EU to Hand Turkey Billions More to Extend Migrant Deal

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The unelected European Commission is set to approve an additional three billion euros in funding for Turkey, the second part of a deal whereby they make efforts to stem the flow of migrants from the Middle East.

European Union (EU) officials made the announcement Wednesday, despite Turkey moving in an ever more authoritarian direction, periodically threatening to “flood” the EU with migrants, and acting increasingly aggressively toward Cyprus and Greece.

“Today’s decision establishes the legal framework for the second tranche of €3 billion… mobilising €1 billion from the EU budget,” an EU statement announced Wednesday.

“The first tranche of the Facility set up in 2016 was made up of €1 billion from the EU budget and €2 billion from Member States’ contributions,” it added.

At the end of last year, the bloc’s Commissioner for Migration, Dimitris Avramopoulos, said the EU remained “committed to” giving Turkish citizens visa-free travel in the bloc, as well as handing over the extra three billion euros.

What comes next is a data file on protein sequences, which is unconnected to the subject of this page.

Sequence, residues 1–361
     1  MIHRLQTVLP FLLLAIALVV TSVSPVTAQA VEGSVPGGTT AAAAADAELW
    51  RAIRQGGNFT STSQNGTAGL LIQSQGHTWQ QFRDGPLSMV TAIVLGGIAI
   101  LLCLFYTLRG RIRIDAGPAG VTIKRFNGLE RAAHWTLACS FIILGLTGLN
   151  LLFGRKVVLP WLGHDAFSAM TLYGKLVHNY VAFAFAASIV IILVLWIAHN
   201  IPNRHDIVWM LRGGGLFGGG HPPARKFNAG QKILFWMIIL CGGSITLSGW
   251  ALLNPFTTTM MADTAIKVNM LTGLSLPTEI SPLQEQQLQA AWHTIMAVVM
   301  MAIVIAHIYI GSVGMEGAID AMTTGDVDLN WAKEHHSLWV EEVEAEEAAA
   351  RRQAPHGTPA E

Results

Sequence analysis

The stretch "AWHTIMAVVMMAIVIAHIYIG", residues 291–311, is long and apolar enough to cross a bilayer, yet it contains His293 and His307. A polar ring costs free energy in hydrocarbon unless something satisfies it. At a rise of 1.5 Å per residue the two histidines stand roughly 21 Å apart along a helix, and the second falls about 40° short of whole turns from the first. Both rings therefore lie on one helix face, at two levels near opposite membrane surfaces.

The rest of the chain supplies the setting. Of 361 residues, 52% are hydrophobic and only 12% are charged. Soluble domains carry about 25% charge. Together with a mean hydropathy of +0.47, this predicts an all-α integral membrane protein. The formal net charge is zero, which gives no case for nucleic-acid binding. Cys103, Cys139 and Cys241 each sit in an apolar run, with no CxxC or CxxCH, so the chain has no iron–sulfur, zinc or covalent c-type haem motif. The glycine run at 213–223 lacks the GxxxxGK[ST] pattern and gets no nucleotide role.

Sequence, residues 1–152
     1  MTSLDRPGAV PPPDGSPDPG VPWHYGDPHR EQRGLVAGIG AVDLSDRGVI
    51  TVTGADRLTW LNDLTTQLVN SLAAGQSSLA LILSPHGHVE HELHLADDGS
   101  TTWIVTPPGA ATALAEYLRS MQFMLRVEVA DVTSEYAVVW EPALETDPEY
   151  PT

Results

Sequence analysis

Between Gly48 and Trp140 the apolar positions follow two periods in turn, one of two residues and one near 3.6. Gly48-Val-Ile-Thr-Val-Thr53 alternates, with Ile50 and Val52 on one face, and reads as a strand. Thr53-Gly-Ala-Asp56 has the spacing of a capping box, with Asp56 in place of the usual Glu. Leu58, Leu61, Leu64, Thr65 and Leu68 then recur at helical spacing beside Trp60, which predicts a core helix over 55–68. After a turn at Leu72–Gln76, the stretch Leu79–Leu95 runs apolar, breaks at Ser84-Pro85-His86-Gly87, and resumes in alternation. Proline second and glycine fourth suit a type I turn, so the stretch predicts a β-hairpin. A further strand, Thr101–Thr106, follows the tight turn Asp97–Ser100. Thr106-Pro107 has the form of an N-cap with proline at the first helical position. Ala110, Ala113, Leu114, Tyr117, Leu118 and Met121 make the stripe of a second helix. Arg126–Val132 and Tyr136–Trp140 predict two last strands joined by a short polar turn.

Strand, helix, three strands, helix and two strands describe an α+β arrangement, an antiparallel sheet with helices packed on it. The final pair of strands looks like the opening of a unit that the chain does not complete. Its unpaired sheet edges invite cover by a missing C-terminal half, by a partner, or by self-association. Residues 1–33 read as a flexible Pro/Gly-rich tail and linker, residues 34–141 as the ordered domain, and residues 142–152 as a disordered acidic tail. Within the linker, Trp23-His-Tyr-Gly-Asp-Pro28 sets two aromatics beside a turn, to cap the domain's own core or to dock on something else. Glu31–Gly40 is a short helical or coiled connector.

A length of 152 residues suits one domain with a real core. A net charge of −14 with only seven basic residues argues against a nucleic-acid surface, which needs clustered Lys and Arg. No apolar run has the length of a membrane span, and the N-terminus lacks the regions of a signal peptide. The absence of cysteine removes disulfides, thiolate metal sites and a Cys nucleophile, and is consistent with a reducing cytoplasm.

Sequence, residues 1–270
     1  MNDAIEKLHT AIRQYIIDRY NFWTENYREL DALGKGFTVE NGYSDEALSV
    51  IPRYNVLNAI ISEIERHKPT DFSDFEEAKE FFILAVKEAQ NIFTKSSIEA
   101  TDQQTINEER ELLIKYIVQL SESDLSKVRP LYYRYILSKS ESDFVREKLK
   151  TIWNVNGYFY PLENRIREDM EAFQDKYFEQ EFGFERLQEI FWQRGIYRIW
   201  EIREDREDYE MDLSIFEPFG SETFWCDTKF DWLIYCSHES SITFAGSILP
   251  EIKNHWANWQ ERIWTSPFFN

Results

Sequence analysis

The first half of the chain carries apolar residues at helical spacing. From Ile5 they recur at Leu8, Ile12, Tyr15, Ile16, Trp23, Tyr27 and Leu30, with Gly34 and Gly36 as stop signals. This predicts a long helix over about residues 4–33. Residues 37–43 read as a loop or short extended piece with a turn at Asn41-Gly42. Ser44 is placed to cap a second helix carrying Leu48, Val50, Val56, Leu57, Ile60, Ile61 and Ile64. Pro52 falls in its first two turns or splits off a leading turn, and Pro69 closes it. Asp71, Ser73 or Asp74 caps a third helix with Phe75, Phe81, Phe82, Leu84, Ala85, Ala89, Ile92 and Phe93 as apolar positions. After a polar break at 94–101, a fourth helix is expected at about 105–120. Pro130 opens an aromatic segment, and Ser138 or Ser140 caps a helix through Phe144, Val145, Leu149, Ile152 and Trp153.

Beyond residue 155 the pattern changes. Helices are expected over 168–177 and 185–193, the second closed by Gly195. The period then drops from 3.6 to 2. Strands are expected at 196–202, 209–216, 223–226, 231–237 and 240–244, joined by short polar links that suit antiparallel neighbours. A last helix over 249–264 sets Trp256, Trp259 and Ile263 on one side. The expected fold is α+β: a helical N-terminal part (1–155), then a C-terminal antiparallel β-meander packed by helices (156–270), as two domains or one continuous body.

“The EU-Turkey Statement continues to deliver results with irregular and dangerous arrivals remaining 97 per cent down on the period before the Statement became operational,” the Commission claimed this week.

Mr. Avramopoulos said in a statement Wednesday he was “pleased to report that the €3 billion” was sent to Turkey in 2017 “meaning the EU lived up to its promise in full”.

“Now, the Union and its Member States need to fund the second tranche of €3 billion of the Facility for Refugees in Turkey,” he added.

“I would like to stress that our cooperation with Turkey is key to address common challenges. The rapprochement of Turkey and Europe is a long-term engagement that has started some years ago between our citizens.”

Just a few months earlier, however, in March 2017, a Turkish minister threatened to sabotage the deal and direct tens of thousands of migrants into the EU every month.

Süleyman Soylu suggested sending 15,000 migrants each month in retaliation for Europe blocking Islamist Turkish government figures holding rallies in European countries ahead of a referendum in Turkey.

The Turkish president was accused of “blackmailing” the EU as the migrant deal was being settled in March 2016, and he has consistently employed threatening rhetoric since.

Earlier in the year, he promised to “open the gates” to hundreds of thousands of migrants who could be transported into Europe by “bus” and even “plane” unless his demands were met in the lead up to the negotiations.


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